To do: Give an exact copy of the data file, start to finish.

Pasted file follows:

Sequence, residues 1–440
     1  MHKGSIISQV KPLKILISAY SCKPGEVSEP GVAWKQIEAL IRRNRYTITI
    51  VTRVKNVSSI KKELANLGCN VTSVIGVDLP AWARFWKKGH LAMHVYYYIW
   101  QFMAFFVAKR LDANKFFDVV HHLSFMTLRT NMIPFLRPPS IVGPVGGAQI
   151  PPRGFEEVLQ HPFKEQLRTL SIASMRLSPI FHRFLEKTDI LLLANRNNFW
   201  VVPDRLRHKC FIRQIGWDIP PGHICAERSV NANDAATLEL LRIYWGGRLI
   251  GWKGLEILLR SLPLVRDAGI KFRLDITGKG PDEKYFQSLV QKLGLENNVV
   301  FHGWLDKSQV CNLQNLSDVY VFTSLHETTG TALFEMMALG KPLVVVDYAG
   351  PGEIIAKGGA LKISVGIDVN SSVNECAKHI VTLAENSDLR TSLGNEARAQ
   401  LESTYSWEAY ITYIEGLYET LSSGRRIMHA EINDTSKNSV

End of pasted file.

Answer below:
Sequence, residues 1–440
     1  MHKGSIISQV KPLKILISAY SCKPGEVSEP GVAWKQIEAL IRRNRYTITI
    51  VTRVKNVSSI KKELANLGCN VTSVIGVDLP AWARFWKKGH LAMHVYYYIW
   101  QFMAFFVAKR LDANKFFDVV HHLSFMTLRT NMIPFLRPPS IVGPVGGAQI
   151  PPRGFEEVLQ HPFKEQLRTL SIASMRLSPI FHRFLEKTDI LLLANRNNFW
   201  VVPDRLRHKC FIRQIGWDIP PGHICAERSV NANDAATLEL LRIYWGGRLI
   251  GWKGLEILLR SLPLVRDAGI KFRLDITGKG PDEKYFQSLV QKLGLENNVV
   301  FHGWLDKSQV CNLQNLSDVY VFTSLHETTG TALFEMMALG KPLVVVDYAG
   351  PGEIIAKGGA LKISVGIDVN SSVNECAKHI VTLAENSDLR TSLGNEARAQ
   401  LESTYSWEAY ITYIEGLYET LSSGRRIMHA EINDTSKNSV